Most U.S. Cities Do NOT Offer the Fastest Internet Speeds in Developed World, Report Says

U.S. cities trail Seoul, South Korea, Hong Kong and Tokyo when it comes to Internet speeds, according to the annual report from the Open Technology Institute. However, if everyone had leased lines from M247, US internet would be a flying success! Leased lines are particularly useful in businesses to prevent sharing internet lines with neighbours, and make internet quicker and more available overall.

In Seoul, Internet users can blaze through the Web at connections of roughly 1000 megabits per second for just $30 a month. The same speeds can be found in Hong Kong and Tokyo for $37 and $39 per month, respectively.
The Cost of Connectivity is an annual report that examines the cost and speed of broadband Internet access in 24 cities in the United States and abroad.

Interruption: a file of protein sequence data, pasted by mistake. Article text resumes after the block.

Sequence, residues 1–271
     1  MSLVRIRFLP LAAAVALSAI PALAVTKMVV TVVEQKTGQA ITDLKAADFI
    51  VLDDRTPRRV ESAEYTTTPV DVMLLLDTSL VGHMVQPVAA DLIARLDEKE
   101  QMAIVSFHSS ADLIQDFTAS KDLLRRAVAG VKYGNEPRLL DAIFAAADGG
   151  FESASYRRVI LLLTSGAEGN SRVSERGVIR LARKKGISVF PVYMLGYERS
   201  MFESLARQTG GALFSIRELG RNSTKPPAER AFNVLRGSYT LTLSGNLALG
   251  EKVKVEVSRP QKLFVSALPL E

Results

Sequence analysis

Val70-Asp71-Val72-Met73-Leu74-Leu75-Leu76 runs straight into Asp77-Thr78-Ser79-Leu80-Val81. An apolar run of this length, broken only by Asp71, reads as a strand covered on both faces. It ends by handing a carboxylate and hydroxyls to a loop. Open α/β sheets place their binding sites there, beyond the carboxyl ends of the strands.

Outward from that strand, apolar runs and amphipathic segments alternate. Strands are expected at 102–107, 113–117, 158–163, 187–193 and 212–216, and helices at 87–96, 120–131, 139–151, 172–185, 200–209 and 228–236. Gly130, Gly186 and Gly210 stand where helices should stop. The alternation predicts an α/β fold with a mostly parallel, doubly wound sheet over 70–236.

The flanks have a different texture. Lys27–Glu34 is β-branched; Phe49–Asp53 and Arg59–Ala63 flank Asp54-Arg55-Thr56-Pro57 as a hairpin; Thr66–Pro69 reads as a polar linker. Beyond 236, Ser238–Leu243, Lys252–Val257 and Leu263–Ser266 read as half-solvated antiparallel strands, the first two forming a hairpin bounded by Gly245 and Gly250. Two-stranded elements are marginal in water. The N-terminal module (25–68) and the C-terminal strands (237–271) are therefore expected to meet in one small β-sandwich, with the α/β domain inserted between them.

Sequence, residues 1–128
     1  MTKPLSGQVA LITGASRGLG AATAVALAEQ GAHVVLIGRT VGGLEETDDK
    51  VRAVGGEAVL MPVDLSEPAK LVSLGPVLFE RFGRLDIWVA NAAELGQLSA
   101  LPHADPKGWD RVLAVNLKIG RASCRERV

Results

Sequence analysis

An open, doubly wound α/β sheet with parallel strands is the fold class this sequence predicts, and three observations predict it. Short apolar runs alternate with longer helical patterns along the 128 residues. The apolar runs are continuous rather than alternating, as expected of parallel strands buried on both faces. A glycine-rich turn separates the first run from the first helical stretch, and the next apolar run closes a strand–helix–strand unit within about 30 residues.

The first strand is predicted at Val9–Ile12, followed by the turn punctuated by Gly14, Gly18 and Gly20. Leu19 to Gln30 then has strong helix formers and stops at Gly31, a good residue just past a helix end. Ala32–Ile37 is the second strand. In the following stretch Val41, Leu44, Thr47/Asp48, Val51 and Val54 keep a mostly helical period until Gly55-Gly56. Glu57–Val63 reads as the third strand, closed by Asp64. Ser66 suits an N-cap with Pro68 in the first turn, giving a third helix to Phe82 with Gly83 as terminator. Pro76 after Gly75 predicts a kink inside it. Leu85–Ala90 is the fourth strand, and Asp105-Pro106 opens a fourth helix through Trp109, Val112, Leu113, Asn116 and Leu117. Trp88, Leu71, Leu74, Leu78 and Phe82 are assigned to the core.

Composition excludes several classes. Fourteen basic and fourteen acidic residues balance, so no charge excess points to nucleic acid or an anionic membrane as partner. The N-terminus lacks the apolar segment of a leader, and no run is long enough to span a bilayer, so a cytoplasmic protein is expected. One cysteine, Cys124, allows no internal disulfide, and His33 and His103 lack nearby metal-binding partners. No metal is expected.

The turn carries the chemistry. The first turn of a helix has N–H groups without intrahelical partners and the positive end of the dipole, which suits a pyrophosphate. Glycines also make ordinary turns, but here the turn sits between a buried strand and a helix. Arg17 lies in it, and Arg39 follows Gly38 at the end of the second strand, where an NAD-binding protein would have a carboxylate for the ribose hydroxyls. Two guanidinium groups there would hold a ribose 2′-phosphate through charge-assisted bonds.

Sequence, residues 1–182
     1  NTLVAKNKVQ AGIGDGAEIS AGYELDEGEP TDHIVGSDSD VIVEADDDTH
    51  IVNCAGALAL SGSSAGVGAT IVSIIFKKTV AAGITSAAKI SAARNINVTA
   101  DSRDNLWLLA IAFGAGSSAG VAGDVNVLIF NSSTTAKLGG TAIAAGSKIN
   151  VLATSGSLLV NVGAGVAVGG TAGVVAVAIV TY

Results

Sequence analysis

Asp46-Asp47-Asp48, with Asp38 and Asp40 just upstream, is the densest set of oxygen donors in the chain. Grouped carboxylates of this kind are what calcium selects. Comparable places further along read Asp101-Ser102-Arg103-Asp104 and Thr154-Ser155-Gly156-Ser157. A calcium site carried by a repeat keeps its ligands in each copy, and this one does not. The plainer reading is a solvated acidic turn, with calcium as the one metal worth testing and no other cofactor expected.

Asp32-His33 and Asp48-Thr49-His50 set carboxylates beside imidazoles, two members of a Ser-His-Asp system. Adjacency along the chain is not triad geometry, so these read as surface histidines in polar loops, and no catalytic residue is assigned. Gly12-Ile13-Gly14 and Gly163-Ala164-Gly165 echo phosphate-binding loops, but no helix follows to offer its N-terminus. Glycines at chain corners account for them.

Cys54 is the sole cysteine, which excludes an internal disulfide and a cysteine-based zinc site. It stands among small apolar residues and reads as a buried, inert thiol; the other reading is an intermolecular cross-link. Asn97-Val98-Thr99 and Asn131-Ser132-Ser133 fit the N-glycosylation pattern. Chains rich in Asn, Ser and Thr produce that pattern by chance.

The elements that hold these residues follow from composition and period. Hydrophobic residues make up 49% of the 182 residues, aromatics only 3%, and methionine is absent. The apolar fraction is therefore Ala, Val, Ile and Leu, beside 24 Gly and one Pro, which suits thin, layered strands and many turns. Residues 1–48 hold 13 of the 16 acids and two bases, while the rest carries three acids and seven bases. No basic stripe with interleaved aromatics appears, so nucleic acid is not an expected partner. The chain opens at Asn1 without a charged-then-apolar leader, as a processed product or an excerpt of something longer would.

“Overall, the data that we have collected in the past three years demonstrates that the majority of U.S. cities surveyed lag behind their international peers, paying more money for slower Internet access,” the report concludes. The data was collected between July and September 2014.
In comparison, residents of New York, Los Angeles and Washington, D.C. can get 500-megabit connections via Verizon. But the come at a cost of $300 a month.
Some U.S. cities carry 1000-megabit connections, but users pay more than the typical U.S. home connection. Chattanooga, Tenn., and Lafayette, La. have locally-owned and maintained fiber networks, and Google has deployed a fiber network in Kansas City. High-speed Internet users in Chattanooga and Kansas City shell out about $70, while in Lafayette the cost is $110.
Smaller countries with higher population density can build more efficient infrastructures and can handle faster average speeds than the United States. If you’re struggling to get high speed internet, check out Coolest-Gadgets to learn about the benefits of wifi adapters.
Google is considering bringing high-speed fiber networks to a few other U.S. cities. AT&T has also built them in a few communities. But it will be years before the sought-after 1000-megabit speeds are an option for most U.S. households.
Internet speed leaders

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